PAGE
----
DOE and NYSERDA are the joint lead agencies for preparation of the SEIS for the West Valley Site. The U.S. Environmental Protection Agency, NRC, and NYSDEC are cooperating agencies under the National Environmental Policy Act (NEPA), and the New York State Department of Health and NYSDEC are involved agencies under the New York State Environmental Quality Review Act (SEQR).

The alternatives to be analyzed are still to be determined as part of the scoping process. At this time, the agencies expect to include alternatives such as the following:

No Action Alternative: Under the No Action Alternative, Phase 1 decommissioning actions would be completed but no further actions toward decommissioning the West Valley Site would be taken. The No Action Alternative would involve the continued management and oversight of West Valley Site facilities. The site would continue to be monitored and maintained for the foreseeable future, as required by Federal and state regulations, to protect the health and safety of workers, the public, and the environment. Additionally, periodic maintenance activities (e.g., repairing roofs, replacing landfill geomembranes) would continue during an assumed period of active institutional controls until, for purposes of analysis only, controls are assumed to become ineffective. The No Action Alternative would not meet the purpose and need for agency action, but analysis of the No Action Alternative is required under NEPA and SEQR to provide a baseline against which the environmental impacts from the other analyzed alternatives can be compared.

Sitewide Close-in-Place Alternative: Under this alternative, most Phase 2 facilities would be closed in place. Major facilities and sources of contamination such as the Waste Tank Farm, NDA, and SDA would be managed at their current locations. Residual radioactivity in facilities with larger inventories of long-lived radionuclides would be isolated by specially designed structures and barriers. These structures and barriers would be designed to meet regulatory requirements to retain hazardous and radioactive constituents to ensure they would be resistant to long-term degradation and include features to discourage inadvertent intrusion into the material left on site. Structures that would interfere with the construction of these barriers would be removed (e.g., the Supernatant Treatment System Support Building). Facilities with lesser amounts of contamination (e.g., the North Plateau Groundwater Plume, the Cesium Prong) would be allowed to naturally attenuate. This approach would allow large areas of the WNYNSC to be released for unrestricted use. Facilities that are closed in place, and any buffer areas around them, as well as facilities that are allowed to naturally attenuate, would require long-term stewardship.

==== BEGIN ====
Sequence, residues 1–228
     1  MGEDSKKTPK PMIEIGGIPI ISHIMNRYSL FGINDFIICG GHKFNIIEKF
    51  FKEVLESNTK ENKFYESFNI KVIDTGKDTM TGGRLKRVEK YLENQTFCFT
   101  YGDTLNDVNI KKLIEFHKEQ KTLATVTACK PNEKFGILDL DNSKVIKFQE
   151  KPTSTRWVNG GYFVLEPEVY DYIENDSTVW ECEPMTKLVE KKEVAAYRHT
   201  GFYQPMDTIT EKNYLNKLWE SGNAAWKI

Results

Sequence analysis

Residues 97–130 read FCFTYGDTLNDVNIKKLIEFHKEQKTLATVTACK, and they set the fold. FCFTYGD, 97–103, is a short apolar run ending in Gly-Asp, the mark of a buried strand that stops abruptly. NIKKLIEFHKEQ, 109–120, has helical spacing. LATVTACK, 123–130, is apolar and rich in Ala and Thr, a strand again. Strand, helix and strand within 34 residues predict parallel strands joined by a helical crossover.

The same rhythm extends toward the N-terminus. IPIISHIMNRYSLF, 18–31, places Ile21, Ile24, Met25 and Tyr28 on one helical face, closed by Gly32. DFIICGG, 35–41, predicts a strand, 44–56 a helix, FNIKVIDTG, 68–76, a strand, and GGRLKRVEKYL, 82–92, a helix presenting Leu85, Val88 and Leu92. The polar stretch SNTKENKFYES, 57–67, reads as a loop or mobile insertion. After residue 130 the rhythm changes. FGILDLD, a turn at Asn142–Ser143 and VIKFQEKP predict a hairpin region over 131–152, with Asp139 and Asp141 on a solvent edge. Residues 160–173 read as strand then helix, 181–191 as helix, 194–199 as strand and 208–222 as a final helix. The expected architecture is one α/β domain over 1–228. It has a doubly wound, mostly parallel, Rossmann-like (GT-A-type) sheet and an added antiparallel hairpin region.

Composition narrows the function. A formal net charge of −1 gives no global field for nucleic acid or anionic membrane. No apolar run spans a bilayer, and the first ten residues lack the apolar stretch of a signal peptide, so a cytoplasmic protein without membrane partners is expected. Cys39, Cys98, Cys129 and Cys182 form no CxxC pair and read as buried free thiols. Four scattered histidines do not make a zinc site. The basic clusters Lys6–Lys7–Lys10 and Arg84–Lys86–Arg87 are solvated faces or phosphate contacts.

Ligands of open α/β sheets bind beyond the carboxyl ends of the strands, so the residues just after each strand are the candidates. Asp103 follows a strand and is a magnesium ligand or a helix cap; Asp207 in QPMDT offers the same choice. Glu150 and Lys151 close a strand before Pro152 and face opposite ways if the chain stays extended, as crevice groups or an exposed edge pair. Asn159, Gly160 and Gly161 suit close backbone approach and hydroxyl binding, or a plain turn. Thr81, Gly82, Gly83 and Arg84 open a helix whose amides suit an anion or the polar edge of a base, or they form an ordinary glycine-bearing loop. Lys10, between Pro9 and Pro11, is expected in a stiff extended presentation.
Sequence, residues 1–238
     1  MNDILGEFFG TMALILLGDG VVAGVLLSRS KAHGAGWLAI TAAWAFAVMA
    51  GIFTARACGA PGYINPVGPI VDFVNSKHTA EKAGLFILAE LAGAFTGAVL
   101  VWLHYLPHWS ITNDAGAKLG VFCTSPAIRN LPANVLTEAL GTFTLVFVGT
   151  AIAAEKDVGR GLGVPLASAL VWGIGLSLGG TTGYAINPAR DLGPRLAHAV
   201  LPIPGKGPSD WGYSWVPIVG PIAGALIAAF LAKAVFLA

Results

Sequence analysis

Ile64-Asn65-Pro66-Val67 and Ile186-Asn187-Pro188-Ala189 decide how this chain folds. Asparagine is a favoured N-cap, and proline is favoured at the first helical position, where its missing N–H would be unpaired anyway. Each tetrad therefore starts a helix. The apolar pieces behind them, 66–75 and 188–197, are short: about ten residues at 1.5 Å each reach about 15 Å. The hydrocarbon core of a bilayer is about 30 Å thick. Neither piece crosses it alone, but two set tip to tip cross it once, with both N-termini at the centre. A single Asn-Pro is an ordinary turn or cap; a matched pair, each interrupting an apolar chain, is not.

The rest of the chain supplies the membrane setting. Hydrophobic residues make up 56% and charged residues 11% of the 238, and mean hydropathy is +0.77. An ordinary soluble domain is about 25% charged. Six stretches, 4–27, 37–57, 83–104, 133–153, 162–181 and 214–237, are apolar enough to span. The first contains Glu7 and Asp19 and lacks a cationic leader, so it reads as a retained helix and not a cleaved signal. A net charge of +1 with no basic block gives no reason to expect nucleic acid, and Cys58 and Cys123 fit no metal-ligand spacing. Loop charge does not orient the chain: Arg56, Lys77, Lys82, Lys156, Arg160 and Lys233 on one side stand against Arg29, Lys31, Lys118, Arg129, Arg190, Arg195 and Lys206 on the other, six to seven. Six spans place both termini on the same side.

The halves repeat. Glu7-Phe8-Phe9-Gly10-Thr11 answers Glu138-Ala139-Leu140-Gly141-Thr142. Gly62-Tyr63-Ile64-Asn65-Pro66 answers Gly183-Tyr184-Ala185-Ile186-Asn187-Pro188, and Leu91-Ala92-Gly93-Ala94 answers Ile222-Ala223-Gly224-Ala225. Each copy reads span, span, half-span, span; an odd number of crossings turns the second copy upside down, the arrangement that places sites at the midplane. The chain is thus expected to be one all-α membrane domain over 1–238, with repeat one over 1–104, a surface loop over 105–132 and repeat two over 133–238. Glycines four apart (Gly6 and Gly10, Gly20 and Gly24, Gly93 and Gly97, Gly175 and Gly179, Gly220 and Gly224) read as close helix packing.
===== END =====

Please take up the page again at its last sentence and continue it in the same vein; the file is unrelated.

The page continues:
Sitewide Removal Alternative: Under this alternative, site facilities, contaminated soil, sediment, and groundwater would be removed to meet criteria that would allow unrestricted release of the WNYNSC. Radioactive, hazardous, and mixed waste would be characterized, packaged, and shipped off site for disposal. Immediate implementation of this alternative would require the disposition of waste for which there is currently no offsite disposal location (e.g., potential non-defense transuranic waste, and Greater-Than-Class C low-level radioactive waste). Any such “orphan waste” would be stored on site until an appropriate offsite facility is available. Completion of these activities would allow unrestricted use of the site (i.e., the site could be made available for any public or private use).